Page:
Academic journal article The Journal of Rehabilitation

Substance Use among Applicants for Vocational Rehabilitation Services

Academic journal article The Journal of Rehabilitation

Substance Use among Applicants for Vocational Rehabilitation Services

Article excerpt

Recent clinical and research findings have clearly demonstrated that the presence of a physical, mental, or psychological disability can place an individual at greater risk for problems associated with substance abuse (Buss & Cramer, 1989; de Miranda & Cherry, 1989; Moore & Siegal, 1989; Moore, 1991). Despite the fact that persons with disabilities experience disability-specific and more common risks for substance abuse, little has been known of the patterns of alcohol and drag use among people with disabilities and the associated risk factors.

There is little doubt that substance abuse by consumers of rehabilitation services interferes with their success in these systems. It has been postulated that untreated substance abuse as a co-existing disability eventually will lead to medical problems or other barriers to a fully functional life. "In their collective wisdom, rehabilitation counselors have recognized that a significant portion of the persons whom they serve have two or more disabilities. The first disability, the mason they were referred, was often recognized as a physical or mental disability. It is usually easily diagnosed with common functional limitations. The second disability, substance abuse, is rarely mentioned and often recognized late in the rehabilitation process." (Corthell and Brown, 1991, p. ix.)

Substance abuse can either precede or follow the onset of another disability (Glass, 1980/81), but often it leads to the acquisition of other disabilities. For example, subacute head injuries may be a common by-product of a lifestyle that includes drug abuse (Alterman and Tarter, 1985). When substance abuse is present there are more likely to be additional risk factors as well. The risks include limited social resources, low socioeconomic conditions, and multiple disability status, all of which reduce the likelihood of successful vocational rehabilitation (Heinemann, McGraw, Brandt, Roth, & Dell'Oliver, 1990; Ford & Moore, 1992; Renwick & Krywonis, 1992). Nevertheless, there have been few previous studies addressing substance abuse problems in rehabilitation settings, and consequently little is known of rehabilitation procedures with individuals who experience both chemical dependency and a concomitant disability.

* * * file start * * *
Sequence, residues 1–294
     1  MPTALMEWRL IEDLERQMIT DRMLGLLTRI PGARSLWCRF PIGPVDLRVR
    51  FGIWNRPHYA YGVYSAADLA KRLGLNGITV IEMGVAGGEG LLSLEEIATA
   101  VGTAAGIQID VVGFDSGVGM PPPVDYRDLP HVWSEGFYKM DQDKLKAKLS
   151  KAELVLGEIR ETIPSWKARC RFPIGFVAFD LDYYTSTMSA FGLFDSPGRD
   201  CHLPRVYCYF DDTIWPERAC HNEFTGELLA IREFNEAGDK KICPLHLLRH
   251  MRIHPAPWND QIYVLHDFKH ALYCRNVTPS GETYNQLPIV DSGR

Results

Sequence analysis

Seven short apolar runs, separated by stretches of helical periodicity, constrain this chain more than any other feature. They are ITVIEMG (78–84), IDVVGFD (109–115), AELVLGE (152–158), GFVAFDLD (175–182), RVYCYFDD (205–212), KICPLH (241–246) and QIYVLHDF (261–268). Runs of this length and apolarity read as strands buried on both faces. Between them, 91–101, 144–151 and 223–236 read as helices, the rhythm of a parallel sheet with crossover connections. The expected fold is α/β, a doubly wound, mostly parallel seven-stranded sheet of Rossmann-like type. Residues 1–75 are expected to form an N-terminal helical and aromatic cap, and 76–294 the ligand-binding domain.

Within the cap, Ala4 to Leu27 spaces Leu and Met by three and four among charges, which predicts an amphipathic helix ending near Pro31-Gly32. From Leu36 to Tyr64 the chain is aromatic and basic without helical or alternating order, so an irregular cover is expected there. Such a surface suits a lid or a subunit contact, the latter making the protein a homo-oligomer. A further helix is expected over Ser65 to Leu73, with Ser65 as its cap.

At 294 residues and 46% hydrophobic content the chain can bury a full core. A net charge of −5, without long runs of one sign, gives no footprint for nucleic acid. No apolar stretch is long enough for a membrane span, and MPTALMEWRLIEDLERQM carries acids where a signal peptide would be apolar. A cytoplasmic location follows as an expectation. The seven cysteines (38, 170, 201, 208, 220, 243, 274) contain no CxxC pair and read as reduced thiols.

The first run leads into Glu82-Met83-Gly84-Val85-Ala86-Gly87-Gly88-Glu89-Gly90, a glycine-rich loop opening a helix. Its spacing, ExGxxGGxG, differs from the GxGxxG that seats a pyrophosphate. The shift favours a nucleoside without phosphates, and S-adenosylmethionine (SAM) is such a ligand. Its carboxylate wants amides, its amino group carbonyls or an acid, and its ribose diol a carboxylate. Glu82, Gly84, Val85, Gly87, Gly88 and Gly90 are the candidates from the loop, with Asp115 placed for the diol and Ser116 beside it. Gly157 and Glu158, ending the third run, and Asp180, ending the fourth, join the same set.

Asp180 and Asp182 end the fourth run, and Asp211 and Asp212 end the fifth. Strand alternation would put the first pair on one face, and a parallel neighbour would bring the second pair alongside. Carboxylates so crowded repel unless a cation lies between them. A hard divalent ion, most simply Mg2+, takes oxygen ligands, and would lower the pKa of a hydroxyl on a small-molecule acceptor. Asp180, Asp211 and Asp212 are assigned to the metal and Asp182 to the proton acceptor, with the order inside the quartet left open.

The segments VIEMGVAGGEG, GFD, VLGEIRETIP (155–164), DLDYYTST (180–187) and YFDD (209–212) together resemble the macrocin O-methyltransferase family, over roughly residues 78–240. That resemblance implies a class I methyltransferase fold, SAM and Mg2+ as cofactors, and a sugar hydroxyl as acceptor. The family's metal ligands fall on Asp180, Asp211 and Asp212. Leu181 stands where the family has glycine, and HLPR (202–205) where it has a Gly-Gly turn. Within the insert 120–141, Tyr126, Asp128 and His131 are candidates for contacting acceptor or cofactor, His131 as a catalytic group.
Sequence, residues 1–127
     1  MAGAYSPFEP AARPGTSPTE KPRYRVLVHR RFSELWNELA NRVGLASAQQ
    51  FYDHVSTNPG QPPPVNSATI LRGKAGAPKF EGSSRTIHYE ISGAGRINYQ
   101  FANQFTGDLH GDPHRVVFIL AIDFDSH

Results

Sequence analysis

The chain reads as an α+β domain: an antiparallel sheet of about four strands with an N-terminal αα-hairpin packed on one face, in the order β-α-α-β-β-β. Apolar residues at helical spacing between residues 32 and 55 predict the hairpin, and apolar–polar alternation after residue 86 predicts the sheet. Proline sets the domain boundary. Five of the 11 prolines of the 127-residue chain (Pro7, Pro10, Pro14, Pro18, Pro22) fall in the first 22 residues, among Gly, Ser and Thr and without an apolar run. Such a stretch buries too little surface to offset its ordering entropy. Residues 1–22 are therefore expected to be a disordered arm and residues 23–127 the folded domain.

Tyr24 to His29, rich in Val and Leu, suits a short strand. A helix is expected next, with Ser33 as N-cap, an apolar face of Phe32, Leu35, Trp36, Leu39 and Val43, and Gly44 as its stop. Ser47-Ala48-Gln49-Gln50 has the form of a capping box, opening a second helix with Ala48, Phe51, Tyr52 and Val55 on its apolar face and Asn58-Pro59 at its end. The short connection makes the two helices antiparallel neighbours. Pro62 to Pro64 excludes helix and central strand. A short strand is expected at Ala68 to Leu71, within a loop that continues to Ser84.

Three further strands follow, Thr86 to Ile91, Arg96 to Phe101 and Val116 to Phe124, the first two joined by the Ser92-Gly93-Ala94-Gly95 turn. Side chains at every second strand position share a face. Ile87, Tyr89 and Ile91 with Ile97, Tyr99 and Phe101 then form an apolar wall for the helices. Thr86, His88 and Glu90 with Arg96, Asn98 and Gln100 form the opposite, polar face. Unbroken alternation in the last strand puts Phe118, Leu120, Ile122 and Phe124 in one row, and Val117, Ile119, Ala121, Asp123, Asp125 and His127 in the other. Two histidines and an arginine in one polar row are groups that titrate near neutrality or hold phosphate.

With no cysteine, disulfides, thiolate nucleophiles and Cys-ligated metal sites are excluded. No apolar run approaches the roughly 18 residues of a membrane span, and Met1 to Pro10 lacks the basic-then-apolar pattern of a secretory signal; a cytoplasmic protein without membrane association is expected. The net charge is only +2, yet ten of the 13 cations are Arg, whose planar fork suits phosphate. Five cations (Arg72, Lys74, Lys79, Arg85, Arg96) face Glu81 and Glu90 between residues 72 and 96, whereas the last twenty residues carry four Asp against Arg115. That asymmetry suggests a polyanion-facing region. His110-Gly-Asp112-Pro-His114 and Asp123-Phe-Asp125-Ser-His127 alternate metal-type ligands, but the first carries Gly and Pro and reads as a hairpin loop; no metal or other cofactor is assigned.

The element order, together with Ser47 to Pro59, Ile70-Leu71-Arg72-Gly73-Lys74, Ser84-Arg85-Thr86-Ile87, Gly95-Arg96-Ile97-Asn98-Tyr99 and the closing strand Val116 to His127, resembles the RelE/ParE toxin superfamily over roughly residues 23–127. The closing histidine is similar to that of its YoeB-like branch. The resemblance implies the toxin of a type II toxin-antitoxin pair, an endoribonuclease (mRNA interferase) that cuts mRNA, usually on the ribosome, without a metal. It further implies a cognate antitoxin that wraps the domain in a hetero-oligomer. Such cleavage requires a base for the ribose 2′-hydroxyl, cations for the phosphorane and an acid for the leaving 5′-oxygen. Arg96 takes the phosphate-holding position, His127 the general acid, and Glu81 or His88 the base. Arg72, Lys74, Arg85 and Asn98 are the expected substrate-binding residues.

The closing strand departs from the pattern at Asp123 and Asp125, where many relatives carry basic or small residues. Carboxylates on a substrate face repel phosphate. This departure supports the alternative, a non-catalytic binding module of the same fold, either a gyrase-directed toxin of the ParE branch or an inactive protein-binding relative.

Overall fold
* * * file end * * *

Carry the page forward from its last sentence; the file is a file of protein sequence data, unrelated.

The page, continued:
In 1990, the SARDI (Substance Abuse Resource and Disability Issues) project was funded by the Center for Substance Abuse Prevention (CSAP) to address issues of substance abuse and disability among a variety of professionals, including those working in rehabilitation settings. This five state regional pilot was conducted in Illinois, Indiana, Kentucky, Michigan, and Ohio. During the two-year period of primary study, 30 agencies and organizations such as university disability offices, vocational and medical rehabilitation programs, community mental health agencies, and other specialized disability services contributed to an extensive evaluation data base.

The purpose of this article is to illustrate the findings from the survey of alcohol, other drug, and medication use conducted within Michigan Rehabilitation Services (MRS), one of the SARDI service and research sites. More specifically, prevalence and distributions of substance use among rehabilitation applicants, as well as their disability conditions, attitudes toward substance use among people with disabilities, and demographic background are described. In addition, primary relationships among the variables of interest are examined.

Method

Subjects

The respondents in this study were individuals with disabilities who were seeking vocational rehabilitation services at a number of field offices for Michigan Rehabilitation Service (MRS). A total of 246 respondents within the MRS system completed the survey questionnaires. The 19 respondents who claimed to have chemical dependency as a primary disability (7.7%) were excluded from data analysis in order to focus exclusively on substance use among people with other disabilities. …

Search by... Author
Show... All Results Primary Sources Peer-reviewed

Oops!

An unknown error has occurred. Please click the button below to reload the page. If the problem persists, please try again in a little while.